While few guns of Irish origin immediately pop to mind, the weave of modern gun culture has several threads sewn by Ireland's firearm history.

Some of the first written references to firearms on the island are of early matchlock arquebuses carried by German-speaking Landsknecht mercenaries operating in circa 1487 Dublin. By the 1590s, firelocks were more than a novelty in Ireland and had to some extent moved into local production. 

In the Nine Years War, English troops with heavy arquebuses that required a shooting stick to balance were outgunned by Irish musketeers with lighter calivers, which could be loaded faster as they used a standard caliber and didn't need to be braced to fire. (Photo: John Derricke, "The Image of Irelande, 1581")

As a result, Confederate buannacht, armed with lightweight matchlock calivers and serving with Irish patriot Hugh O'Neill, played a big role in the Nine Year's War rebellion against the English, where an Irish ball laid Sir Henry Bagenal, Queen Elizabeth I's marshal, to rest at the Battle of the Yellow Ford (Béal an Átha Bui). 

Notably, Yellow Ford was fought in County Armagh, where later generations of Irish snipers were still active as late as the 1990s, but that is another story. Further, General Washington's best-known marksman was of Irish heritage. 

Moving past the era of firelocks, some key thinkers in modern weaponry hailed from Ireland. This included Dublin-born William Palliser, a noted riflery instructor who held over 20 ordnance-related patents in the 19th Century. Among his better-known inventions was the eponymously termed Palliser shot and shell – which remained a staple of naval warfare for almost 50 years – and a conversion process for turning muzzleloaders into functional breech-loading rifles.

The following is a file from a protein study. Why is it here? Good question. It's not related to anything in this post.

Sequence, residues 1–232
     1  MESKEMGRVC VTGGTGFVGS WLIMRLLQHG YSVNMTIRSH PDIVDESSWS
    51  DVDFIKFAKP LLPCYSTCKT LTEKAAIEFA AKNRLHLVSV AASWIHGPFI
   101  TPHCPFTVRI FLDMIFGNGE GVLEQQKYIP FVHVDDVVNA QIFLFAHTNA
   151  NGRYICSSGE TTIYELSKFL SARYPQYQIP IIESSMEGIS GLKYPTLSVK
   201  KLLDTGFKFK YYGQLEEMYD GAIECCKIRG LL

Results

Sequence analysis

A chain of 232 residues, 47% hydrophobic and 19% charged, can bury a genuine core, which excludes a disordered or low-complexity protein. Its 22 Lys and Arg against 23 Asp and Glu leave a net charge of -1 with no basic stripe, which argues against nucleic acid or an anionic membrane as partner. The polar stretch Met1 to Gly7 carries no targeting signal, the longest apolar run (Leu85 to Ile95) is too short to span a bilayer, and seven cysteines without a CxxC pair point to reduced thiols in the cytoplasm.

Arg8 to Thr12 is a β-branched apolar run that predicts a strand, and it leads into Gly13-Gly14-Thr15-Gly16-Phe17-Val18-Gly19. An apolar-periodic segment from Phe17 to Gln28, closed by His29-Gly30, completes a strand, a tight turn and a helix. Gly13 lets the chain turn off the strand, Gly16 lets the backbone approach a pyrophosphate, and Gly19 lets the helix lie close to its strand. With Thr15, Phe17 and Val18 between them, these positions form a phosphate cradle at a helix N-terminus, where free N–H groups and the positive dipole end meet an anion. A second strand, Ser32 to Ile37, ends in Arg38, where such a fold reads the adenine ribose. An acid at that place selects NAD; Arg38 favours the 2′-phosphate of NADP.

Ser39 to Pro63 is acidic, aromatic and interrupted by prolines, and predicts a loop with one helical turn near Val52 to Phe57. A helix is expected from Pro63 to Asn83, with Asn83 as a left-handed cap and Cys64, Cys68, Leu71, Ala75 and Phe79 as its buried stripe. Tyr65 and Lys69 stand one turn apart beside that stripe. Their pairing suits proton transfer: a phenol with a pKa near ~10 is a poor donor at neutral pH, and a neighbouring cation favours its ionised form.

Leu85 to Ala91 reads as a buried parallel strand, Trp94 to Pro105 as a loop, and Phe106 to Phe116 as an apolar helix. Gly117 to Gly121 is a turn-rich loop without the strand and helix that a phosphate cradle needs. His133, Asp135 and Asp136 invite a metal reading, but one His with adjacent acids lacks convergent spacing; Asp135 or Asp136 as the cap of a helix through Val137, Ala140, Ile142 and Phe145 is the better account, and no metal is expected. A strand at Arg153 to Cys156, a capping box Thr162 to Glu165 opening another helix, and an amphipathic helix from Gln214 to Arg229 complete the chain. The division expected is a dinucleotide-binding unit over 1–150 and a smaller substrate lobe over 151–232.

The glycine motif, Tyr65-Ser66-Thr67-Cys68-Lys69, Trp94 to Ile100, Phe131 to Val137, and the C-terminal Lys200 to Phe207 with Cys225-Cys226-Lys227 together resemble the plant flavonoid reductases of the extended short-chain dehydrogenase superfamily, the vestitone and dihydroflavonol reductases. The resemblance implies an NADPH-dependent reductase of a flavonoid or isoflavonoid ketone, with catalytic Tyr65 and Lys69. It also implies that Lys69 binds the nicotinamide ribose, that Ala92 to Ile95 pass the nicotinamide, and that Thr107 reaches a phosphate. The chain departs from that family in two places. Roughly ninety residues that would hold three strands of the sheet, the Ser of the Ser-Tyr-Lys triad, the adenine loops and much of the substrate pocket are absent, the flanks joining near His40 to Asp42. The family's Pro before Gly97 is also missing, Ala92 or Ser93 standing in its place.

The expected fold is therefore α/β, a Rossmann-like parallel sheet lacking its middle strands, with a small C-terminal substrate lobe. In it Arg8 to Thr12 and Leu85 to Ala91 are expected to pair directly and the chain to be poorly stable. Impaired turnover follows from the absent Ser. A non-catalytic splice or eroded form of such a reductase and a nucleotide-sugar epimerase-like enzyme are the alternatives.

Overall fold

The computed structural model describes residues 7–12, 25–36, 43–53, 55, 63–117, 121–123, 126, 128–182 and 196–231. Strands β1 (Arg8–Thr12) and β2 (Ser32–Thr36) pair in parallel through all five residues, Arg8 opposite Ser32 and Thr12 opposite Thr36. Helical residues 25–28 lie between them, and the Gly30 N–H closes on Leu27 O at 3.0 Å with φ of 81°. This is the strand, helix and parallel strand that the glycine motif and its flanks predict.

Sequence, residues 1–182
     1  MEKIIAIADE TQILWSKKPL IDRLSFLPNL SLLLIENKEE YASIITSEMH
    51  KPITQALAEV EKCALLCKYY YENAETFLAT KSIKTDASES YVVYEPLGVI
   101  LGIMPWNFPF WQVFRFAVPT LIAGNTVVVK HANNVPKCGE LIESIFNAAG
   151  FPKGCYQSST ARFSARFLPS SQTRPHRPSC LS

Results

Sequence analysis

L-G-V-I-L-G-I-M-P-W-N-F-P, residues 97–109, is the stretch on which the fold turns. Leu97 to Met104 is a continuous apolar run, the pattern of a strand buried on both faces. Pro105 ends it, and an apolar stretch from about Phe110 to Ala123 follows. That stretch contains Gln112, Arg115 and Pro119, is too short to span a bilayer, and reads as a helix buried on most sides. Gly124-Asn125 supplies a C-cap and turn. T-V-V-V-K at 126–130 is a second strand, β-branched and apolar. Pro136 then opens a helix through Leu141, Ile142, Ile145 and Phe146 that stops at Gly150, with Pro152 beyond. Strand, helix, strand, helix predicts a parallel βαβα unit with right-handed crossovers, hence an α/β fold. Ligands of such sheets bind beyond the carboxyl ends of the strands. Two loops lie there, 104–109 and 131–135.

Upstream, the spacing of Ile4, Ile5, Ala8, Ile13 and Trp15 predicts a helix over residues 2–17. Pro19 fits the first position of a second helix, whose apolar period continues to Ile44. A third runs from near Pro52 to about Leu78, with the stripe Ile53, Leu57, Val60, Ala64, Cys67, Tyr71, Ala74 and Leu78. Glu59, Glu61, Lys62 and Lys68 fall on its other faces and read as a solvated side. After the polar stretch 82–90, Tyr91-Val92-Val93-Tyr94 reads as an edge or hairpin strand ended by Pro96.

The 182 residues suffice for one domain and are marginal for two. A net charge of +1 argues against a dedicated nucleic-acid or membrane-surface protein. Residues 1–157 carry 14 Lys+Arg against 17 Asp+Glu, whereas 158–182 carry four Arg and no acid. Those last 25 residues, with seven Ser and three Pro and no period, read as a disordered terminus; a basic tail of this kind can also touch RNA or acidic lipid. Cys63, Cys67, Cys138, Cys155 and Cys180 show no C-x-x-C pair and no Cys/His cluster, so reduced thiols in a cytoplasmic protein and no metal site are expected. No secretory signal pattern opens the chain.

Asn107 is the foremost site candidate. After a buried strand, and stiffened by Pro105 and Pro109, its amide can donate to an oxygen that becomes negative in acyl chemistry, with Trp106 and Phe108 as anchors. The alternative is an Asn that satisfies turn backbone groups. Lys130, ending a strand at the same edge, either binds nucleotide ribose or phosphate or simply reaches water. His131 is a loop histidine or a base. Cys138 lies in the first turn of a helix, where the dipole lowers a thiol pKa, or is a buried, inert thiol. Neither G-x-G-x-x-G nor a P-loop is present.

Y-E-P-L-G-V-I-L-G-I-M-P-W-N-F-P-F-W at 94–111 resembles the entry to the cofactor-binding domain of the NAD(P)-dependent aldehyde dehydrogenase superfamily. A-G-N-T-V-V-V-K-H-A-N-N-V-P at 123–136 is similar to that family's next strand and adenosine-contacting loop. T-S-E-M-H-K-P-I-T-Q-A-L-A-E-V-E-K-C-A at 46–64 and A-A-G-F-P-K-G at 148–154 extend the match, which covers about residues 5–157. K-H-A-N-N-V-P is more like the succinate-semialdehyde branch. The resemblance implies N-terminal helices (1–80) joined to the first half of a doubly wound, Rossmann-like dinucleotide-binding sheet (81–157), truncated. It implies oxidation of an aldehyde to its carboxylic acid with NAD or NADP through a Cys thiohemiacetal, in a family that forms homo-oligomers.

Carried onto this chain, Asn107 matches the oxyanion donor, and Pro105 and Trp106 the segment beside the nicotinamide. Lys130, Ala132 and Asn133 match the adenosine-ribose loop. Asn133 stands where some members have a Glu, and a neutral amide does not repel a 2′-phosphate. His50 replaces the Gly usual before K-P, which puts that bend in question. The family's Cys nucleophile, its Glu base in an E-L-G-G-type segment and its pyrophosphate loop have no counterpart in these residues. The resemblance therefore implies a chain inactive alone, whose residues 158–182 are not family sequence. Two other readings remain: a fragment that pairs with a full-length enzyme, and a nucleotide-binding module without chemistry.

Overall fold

Another famed Irish-born firearms wonk was John Rigby, who formed his rifle works in circa 1775 Dublin. Although the 246-year-old company today has its principal workshop, showroom, and museum in London, having left Dublin in 1894, it is still in operation. If the name "Rigby" rings a bell, the company has held numerous patents, created the magnum Mauser action, and developed notable dangerous game cartridges such as the .450 Nitro Express and .416 Rigby. Similarly, should you come across a Rigby-made rifle, it is very likely to be a functional work of art. Many are on display in the finest museums as such. 

Professional hunter Jim Corbett's .275 Rigby. Corbett was noted for taking the infamous "man-eating tigress of Champawat" a Bengal tigress that was said to have "killed an estimated 436 people before Corbett tracked it down." (Photo: John Rigby & Co)

While the modern Irish Defense Forces have used a wide range of firearms imported into the country and assorted Steyr M1895s, Vetterli-Vitali, Tommy Guns, and ArmaLite Rifles to make a mark on the history of the Northern counties during "The Troubles," at least one gun was still in production domestically as late as the 1960s. 

Old footage of Ireland's only modern gun works, J Kavanagh, in Birr Co Offaly, and the Irish proof house in Dublin recently reemerged. Kavanagh's gun was called "The Fenian" and had a unique sliding lock design, with some 40 made per week in 1968. 

Around the same time as The Fenian was in production, Irish balladeer Larry Cunningham released his ode, The Old Fenian Gun, which probably has no relation but is still a great way to close out this piece. 


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